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When My 5-Year-Old Asks If One Day He Won't Need the Hospital

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As a mom to a chronically ill child with a life-threatening illness, I get a lot of comments from people who feel sorry, or say they don’t understand how I do it. I can’t even count how many times I’ve heard, “You poor thing.” Well, I don’t consider myself poor and I certainly don’t feel bad for my family for what we’ve been through with my medically fragile son. Because of my son and the struggles we’ve helped him through, I honestly feel extremely fortunate to be able to look at life with a different perspective.

My daughter and I had a conversation the other day about how we see life very differently than others who have not experienced long-term hospitalizations and chronic illness. We agreed that even though our world was turned completely upside down due to a medically fragile family member, we are very lucky to be able to truly understand what matters most in life. And that is the relationships you have with others and the love you share together. What else could be more important?

Imagine looking at your child in a hospital bed fighting for his life — all you want to see is a smile or any sign that he will pull through. Hey, there are times when I don’t even recognize him as he cries out in pain, argues with nurses, and behaves unlike any child I’ve raised as he refuses to cooperate. But when he reaches the point to where his treatments are working and he’s beginning to feel better, I see a glimmer of hope in the little person who has a “defect” in his genes.

That glimmer gives me hope and trust in science that some day there will be more knowledge about his rare disease. But until then, the only thing I can do is provide comfort and make every effort to show my little man how to love with all his heart. I pull every ounce of happiness from strength I never knew existed to provide hope, because all I want is for him to be comfortable and happy.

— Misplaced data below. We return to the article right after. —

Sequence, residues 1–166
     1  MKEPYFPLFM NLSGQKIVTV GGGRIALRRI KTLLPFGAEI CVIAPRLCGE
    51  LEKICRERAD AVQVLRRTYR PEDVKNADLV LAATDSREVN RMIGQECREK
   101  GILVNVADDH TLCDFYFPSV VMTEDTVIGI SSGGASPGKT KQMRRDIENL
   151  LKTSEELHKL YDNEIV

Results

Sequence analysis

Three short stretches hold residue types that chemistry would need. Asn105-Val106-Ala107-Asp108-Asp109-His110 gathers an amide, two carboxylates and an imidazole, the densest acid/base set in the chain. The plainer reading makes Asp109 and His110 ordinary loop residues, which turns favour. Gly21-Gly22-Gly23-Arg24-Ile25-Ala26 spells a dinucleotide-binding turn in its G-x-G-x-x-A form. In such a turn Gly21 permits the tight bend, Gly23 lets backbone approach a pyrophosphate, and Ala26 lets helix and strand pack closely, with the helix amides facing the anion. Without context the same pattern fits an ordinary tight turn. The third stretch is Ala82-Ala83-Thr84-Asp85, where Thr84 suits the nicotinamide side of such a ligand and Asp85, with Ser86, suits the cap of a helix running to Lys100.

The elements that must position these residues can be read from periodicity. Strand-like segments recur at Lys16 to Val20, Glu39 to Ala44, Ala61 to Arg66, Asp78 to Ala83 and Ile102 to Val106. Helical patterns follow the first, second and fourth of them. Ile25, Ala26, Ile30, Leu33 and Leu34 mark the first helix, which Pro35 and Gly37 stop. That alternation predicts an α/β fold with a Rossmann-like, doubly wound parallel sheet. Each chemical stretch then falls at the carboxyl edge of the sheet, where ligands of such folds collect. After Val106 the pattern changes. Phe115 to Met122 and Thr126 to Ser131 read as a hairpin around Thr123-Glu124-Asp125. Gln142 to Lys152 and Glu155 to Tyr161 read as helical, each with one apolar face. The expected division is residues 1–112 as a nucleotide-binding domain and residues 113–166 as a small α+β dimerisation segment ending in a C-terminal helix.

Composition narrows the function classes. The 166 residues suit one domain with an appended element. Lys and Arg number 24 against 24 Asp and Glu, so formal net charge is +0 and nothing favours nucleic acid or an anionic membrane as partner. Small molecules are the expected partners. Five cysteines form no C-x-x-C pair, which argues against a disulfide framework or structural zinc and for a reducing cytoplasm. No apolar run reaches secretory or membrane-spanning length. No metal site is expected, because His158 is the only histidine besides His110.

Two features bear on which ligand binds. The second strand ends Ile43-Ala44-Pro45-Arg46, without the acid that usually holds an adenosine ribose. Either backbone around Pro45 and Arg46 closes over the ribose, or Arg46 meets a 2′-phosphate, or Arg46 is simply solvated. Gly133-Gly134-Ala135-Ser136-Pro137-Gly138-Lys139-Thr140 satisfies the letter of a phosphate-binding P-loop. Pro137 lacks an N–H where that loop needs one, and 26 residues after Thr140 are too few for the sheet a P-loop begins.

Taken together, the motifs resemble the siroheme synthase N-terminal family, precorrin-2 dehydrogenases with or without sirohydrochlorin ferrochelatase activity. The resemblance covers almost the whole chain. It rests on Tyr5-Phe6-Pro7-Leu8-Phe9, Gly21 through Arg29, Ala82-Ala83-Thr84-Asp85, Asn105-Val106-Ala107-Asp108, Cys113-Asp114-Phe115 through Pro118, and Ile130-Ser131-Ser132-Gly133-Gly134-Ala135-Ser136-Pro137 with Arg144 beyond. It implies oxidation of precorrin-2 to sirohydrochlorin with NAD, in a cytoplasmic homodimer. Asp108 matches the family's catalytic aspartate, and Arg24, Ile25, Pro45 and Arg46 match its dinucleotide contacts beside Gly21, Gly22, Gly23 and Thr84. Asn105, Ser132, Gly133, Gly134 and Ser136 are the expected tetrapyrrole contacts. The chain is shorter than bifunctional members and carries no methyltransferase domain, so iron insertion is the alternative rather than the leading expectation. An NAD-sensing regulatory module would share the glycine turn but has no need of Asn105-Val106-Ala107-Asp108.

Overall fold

Tough questions have come out of his mouth — questions I thought I had more time to answer, or wish I had more knowledge to fall back on. But I muster up all my strength to turn every negative into a learning experience and twist it into an asset, so he can feel proud of who he is. My son is not only a survivor, he is a warrior. And he believes he is as well.

At only 5 years old, he has already asked me if he will ever “not need medicine” or “not have to go to the hospital.”

My answer? “I hope so. I think you are going to grow big and strong and get sick less as you get older.”

He’s been hospitalized nearly half his life – literally. He’s enjoyed his Make-A-Wish trip already. He was even lucky enough to meet Papa John himself on that trip while we stayed at Give Kids the World in Florida on his trip to Disney and Universal. While he was elated to take his picture with every superhero and Disney character he could find, we were proud to be able to watch our own superhero smile and enjoy himself.

“Be careful what you wish for” has become my new motto in life. I always wanted a son, and I had him. I may have won the lottery when it comes to his basket of medical challenges, but I couldn’t be happier to be his mom. He has taught me more about how fragile life can be and I am so grateful. I’ve been able to slow down and appreciate all of the little things in our daily lives more than I ever would have if he didn’t have a chronic illness.

Milestones for a healthy child are incredible, but milestones for a child whose doctors didn’t think he’d survive beyond a few months are astoundingly beautiful. You haven’t really enjoyed a child’s laugh until you’ve experienced what it’s like to hear a chronically ill child laugh while he’s playing in the cul-de-sac with friends, especially if you never could have imagined he’d even be able to go outside.

My “bubble boy” with a primary immunodeficiency of unknown etiology has burst his bubble and continues to defy medical odds. I’m just here to help him enjoy life and ensure he feels loved and experiences happiness in every way possible.

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Originally published: November 4, 2016
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